Video

Video Indiana Controversy Highlights Divergent Meanings of Religious Freedom

Indiana’s state government has triggered a nationwide controversy by approving a law that critics say is aimed at allowing discrimination against gays and lesbians. The controversy stems from divergent notions of religious freedom in America. VOA's Jerome Socolovsky reports.
Video

Video Nigerians Welcome Buhari's Return to Power

Crowds of jubilant Nigerians nationwide have celebrated the return to power of former military ruler Muhammadu Buhari. The retired army general won this year's presidential election with more than 2 million votes more than incumbent President Goodluck Jonathan. Buhari's supporters hope he can strengthen the country's economy and security once he takes office in late May. Zlatica Hoke has this story.
Video

Video Report: State of Black America a 'Tale of Two Nations'

The National Urban League has described this year's "State of Black America" report as a "tale of two nations." The group's annual report, released earlier this month (March), found that under an equality index African Americans had only 72% parity compared to whites in areas such as education, economics, health, social justice and civic engagement. It’s a gap that educators and students at Brooklyn’s Medgar Evers College are looking to close. VOA's Daniela Schrier reports from the school.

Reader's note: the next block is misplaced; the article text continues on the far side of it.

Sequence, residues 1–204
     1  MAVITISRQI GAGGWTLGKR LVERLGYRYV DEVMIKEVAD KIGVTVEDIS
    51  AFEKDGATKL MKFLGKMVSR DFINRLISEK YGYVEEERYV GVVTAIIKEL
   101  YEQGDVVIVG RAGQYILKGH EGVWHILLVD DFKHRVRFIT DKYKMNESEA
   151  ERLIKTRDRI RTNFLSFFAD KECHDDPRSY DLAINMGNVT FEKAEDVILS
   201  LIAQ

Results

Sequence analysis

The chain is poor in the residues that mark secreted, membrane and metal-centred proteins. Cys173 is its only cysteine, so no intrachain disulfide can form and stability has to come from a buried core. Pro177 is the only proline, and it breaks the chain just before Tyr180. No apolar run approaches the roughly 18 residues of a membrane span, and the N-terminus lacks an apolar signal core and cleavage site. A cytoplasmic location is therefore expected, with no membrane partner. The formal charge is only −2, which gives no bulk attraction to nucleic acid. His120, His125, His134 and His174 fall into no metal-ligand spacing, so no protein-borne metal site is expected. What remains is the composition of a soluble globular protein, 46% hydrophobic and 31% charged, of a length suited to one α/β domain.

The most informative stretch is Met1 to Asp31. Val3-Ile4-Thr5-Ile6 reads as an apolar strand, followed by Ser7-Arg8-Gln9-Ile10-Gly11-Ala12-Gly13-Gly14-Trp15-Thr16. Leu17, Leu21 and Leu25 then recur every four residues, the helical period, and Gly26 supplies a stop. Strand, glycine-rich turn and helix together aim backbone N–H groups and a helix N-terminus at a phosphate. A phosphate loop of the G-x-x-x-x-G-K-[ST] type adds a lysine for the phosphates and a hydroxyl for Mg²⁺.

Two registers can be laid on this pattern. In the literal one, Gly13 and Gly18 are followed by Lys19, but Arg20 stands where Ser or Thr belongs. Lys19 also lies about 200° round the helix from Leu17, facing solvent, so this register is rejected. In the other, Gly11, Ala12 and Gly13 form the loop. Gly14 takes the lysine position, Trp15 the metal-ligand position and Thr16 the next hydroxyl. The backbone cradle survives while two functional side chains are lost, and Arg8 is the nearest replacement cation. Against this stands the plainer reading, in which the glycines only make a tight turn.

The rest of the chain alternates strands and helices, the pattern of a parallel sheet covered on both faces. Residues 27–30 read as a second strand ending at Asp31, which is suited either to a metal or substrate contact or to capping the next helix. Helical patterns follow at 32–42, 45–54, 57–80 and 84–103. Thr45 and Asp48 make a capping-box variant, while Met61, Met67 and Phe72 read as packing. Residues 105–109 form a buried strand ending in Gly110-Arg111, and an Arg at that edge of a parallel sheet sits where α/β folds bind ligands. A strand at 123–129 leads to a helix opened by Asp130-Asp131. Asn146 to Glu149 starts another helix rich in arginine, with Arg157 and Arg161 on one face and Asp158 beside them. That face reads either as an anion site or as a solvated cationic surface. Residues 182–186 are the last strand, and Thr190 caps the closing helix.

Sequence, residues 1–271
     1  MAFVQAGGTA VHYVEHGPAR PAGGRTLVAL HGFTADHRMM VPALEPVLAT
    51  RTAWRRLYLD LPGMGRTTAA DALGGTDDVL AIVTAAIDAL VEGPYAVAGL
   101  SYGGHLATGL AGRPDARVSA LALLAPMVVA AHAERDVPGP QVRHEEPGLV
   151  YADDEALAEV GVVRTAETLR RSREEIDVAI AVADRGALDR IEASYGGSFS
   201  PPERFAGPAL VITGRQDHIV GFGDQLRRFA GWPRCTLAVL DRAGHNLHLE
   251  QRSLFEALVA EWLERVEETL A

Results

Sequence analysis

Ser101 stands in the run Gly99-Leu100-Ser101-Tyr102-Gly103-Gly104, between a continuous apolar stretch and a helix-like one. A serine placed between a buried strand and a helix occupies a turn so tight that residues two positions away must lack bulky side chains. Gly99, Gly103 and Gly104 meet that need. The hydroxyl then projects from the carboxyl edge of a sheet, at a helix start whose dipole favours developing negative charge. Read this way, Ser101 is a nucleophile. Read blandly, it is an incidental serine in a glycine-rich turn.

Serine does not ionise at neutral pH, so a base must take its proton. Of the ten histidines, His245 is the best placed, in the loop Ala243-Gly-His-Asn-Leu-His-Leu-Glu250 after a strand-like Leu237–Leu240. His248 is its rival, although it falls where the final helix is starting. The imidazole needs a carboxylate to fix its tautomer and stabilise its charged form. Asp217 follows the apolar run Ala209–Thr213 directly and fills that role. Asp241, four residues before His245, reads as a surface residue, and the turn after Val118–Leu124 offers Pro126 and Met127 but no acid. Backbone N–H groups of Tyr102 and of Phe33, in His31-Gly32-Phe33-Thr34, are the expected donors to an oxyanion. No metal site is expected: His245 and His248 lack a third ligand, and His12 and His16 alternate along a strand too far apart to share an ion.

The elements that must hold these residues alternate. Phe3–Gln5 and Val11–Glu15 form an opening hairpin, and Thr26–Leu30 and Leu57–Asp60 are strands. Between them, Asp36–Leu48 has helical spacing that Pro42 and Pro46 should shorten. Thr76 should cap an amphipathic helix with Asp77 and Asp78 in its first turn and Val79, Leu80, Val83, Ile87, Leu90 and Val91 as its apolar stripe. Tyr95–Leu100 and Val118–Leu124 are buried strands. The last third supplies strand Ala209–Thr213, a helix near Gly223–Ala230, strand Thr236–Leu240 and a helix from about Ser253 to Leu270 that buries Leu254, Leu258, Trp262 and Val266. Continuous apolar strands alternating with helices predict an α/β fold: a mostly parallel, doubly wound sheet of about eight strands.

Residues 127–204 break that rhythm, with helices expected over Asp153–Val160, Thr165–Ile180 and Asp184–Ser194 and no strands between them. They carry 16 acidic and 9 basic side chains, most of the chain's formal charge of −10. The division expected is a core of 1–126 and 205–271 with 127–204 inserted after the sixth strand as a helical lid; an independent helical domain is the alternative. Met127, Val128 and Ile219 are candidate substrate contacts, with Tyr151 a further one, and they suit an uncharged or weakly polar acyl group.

Video

Video Film Tells Story of Musicians in Mali Threatened by Jihadists

At this year's annual South by Southwest film and music festival in Austin, Texas, some musicians from Mali were on hand to promote a film about how their lives were upturned by jihadists who destroyed ancient treasures in the city of Timbuktu and prohibited anyone from playing music under threat of death. As VOA’s Greg Flakus reports from Austin, some are afraid to return to their hometowns even though the jihadists are no longer in control there.
Video

Video Gamma Ray Observatory to Open Soon in Mexico

American and Mexican scientists have completed construction of the world's largest gamma ray observatory, situated high in central Mexico’s Sierra Negra Mountain. The observatory's huge array of water-based detectors will soon start discovering secrets about black holes and supernovas. VOA’s George Putic reports.
Video

Video Ebola Vaccine Trials Underway in West Africa

Ebola has claimed the lives of more than 10,000 people in West Africa. Since last summer, researchers have rushed to get anti-Ebola vaccines into clinical trials. While it's too early to say that any of the potential vaccines work, some scientists say they are seeing strong results from some of the studies. VOA's Carol Pearson reports.
Video